When the stars are perfectly aligned, our hunters may, on average, see between 3 to 8 bucks per day. Of these, we hope that at least one will be good enough for you to bring back home or, possibly, be a giant. One thing is for sure; your harvest will make us as happy as you. Saskatchewan is still by far the best place in North America to harvest a monster buck, as is revealed by the number of entries in the record books. If you persist, year after year and resist the temptation to take a smaller male, your opportunity to pull the trigger on a giant buck will finally present itself. One has to remember that those bucks are not behind every tree and that certain weeks or even season will turn out to be difficult. In those cases, not only will you fail to encounter that expected buck, but it is quite possible that only a few of the hunters sharing the camp with you will be successful. After all, that's hunting. In short, set yourself realistic goals and you will not be disappointed. Our male to doe ratio is one of the best in America and we have whitetail deer, big whitetail deer! If you persevere even after a more difficult trip, your turn will come. A positive attitude, a little bit of luck and sooner or later, the whitetail deer will cooperate. It will be the hunt of a lifetime, or at least a memorable adventure.
Terms and conditions
The cost of your hunting stay with Bear Buck Obsession includes the following:
1- Transportation from Saskatoon to the lodge and back.
2- All the transportation during the hunt for the guide and two hunters.
3- Food and lodging.
4- The preparation of your trophy for transportation and taxidermy. Same thing for your meat if you choose to bring some back with you.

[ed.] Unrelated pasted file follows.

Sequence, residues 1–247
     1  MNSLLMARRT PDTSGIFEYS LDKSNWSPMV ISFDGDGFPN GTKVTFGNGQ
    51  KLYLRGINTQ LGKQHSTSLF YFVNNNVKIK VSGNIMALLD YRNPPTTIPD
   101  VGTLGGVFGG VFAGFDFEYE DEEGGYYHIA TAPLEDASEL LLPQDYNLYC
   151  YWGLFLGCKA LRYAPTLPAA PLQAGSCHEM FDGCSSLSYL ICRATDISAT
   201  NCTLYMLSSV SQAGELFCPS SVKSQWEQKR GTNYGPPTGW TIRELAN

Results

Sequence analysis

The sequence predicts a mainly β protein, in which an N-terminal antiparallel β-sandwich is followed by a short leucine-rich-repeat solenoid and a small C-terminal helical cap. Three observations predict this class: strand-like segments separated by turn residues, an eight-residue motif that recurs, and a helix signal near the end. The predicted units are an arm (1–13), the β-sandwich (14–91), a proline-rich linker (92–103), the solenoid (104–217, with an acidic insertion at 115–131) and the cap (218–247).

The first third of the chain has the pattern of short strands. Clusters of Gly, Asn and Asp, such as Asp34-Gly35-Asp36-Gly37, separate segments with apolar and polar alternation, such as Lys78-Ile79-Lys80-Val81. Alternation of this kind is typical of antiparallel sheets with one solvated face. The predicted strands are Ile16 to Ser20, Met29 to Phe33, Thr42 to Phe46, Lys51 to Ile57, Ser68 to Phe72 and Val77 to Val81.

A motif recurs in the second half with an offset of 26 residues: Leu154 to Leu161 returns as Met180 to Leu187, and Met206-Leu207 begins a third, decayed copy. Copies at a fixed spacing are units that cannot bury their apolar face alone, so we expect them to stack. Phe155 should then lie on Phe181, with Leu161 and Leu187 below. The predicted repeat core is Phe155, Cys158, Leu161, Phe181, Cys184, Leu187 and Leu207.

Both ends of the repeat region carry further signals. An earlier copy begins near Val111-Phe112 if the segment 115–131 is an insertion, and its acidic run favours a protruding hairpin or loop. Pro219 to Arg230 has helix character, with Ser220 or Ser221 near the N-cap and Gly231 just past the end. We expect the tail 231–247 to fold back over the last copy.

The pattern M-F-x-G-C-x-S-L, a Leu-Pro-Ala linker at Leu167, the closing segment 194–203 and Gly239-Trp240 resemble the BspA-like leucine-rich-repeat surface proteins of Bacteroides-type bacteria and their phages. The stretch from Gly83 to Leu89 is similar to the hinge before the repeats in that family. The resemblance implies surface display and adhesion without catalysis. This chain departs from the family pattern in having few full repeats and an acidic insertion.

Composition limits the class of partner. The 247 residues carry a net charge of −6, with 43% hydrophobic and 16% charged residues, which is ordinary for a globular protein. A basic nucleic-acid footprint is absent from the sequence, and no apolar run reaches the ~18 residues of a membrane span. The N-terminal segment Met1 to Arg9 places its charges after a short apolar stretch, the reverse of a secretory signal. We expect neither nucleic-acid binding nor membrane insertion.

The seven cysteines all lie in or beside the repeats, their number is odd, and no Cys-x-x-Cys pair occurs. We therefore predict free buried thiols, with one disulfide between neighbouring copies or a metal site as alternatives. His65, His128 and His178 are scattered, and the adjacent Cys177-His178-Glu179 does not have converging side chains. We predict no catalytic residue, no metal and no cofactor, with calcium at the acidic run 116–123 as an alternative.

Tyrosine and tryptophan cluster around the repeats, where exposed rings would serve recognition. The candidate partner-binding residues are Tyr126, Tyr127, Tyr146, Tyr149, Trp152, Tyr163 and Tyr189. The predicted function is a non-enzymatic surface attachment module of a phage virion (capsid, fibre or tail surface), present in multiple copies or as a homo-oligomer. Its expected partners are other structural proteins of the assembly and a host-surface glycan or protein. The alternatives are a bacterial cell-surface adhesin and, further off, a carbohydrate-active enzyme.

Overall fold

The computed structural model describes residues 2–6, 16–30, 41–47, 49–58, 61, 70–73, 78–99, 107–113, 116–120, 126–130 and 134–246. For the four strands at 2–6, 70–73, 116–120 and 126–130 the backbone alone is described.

5- Six or nine full days of hunting depending on the selected package.
Not included in your stay with Bear Buck Obsession:
1- Required hunting licenses.
2- Air (or other type of) transportation for your meat and trophy.
3- Related expenses associated with spending two Saturday nights in Saskatoon.
4- Alcoholic beverages, gratuities and 5% GST taxes on the total cost of the package.
Terms and conditions for reservations:
1- If you make a reservation during the current year of your stay (for example in February for a November hunt) a 50% deposit is required at the time of the reservation. Another 25% will be required upon your arrival at the lodge. The final installment will have to be paid cash or with a certified check or money order. For the last installment, no personal check or credit card will be accepted.
2- If you make a reservation a year in advance, a 1500$ deposit will be required to secure the dates. The balance will have to be paid in two equal installments according to the same schedule as in item number 1.
3- There will be no refund for any deposit. However a deposit can be credited to another client. A deposit can be transferred to another year but only if the outfitter is able to find another client to fill the vacancy created by the depositor's withdrawal. In this case however an extra 500$ will be charged to cover the additional costs.
4- The hunting fees are fixed. There will be no refund to a hunter who achieves early success during his/her stay with us or to a hunter who must leave earlier or for whatever other reason.
Whitetail deer - Dates and hunting packages cost for 2014
All the whitetail deer hunting packages are for 7 days with 6 full days of hunting. The arrival at the main logde is midday on Sunday and your hunt is from Monday morning to Saturday night. For the longer stay packages of 9 full days of hunting, please contact us to fix the day of arrival.
November 1st to 8th 2014
November 9th to 15th 2014
November 16th to 22nd 2014
November 23rd to November 30th 2014
The whitetail deer hunting packages are at $5000 canadian. The 9 days whitetail deer hunting packages are at $6500 canadian.